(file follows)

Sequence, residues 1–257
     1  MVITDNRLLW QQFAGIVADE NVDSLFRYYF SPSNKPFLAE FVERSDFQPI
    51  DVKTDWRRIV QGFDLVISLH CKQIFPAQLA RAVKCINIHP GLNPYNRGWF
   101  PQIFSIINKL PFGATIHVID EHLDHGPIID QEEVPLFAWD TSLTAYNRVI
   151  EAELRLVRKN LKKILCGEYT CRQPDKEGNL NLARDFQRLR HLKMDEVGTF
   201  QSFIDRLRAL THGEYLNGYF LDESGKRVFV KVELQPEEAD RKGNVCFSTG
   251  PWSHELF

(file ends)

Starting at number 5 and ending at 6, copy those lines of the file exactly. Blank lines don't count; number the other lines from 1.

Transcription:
   151  EAELRLVRKN LKKILCGEYT CRQPDKEGNL NLARDFQRLR HLKMDEVGTF
   201  QSFIDRLRAL THGEYLNGYF LDESGKRVFV KVELQPEEAD RKGNVCFSTG